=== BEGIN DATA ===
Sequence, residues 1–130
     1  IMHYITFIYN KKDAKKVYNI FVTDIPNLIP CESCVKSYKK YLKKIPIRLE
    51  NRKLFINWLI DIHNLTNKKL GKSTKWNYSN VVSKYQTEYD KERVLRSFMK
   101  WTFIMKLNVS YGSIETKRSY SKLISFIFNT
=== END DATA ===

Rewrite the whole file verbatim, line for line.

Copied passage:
Sequence, residues 1–130
     1  IMHYITFIYN KKDAKKVYNI FVTDIPNLIP CESCVKSYKK YLKKIPIRLE
    51  NRKLFINWLI DIHNLTNKKL GKSTKWNYSN VVSKYQTEYD KERVLRSFMK
   101  WTFIMKLNVS YGSIETKRSY SKLISFIFNT